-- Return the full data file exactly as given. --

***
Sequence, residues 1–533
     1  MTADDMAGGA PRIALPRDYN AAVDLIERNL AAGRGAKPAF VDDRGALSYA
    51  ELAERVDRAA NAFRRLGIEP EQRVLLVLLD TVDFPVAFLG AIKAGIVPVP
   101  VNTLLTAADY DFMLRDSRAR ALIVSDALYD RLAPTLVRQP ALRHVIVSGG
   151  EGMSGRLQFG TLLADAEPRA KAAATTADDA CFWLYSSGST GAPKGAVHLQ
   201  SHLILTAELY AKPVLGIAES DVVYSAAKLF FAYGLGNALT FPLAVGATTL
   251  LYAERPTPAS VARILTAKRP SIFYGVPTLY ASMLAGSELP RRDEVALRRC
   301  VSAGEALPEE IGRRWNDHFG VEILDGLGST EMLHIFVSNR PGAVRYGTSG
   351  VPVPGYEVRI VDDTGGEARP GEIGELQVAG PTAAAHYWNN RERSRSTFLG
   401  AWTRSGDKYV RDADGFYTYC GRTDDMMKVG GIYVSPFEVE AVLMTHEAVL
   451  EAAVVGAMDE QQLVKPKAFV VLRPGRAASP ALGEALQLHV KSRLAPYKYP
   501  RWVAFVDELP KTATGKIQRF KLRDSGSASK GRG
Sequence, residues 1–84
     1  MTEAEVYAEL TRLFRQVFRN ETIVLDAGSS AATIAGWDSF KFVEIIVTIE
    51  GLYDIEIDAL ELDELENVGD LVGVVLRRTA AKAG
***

Sequence, residues 1–533
     1  MTADDMAGGA PRIALPRDYN AAVDLIERNL AAGRGAKPAF VDDRGALSYA
    51  ELAERVDRAA NAFRRLGIEP EQRVLLVLLD TVDFPVAFLG AIKAGIVPVP
   101  VNTLLTAADY DFMLRDSRAR ALIVSDALYD RLAPTLVRQP ALRHVIVSGG
   151  EGMSGRLQFG TLLADAEPRA KAAATTADDA CFWLYSSGST GAPKGAVHLQ
   201  SHLILTAELY AKPVLGIAES DVVYSAAKLF FAYGLGNALT FPLAVGATTL
   251  LYAERPTPAS VARILTAKRP SIFYGVPTLY ASMLAGSELP RRDEVALRRC
   301  VSAGEALPEE IGRRWNDHFG VEILDGLGST EMLHIFVSNR PGAVRYGTSG
   351  VPVPGYEVRI VDDTGGEARP GEIGELQVAG PTAAAHYWNN RERSRSTFLG
   401  AWTRSGDKYV RDADGFYTYC GRTDDMMKVG GIYVSPFEVE AVLMTHEAVL
   451  EAAVVGAMDE QQLVKPKAFV VLRPGRAASP ALGEALQLHV KSRLAPYKYP
   501  RWVAFVDELP KTATGKIQRF KLRDSGSASK GRG
Sequence, residues 1–84
     1  MTEAEVYAEL TRLFRQVFRN ETIVLDAGSS AATIAGWDSF KFVEIIVTIE
    51  GLYDIEIDAL ELDELENVGD LVGVVLRRTA AKAG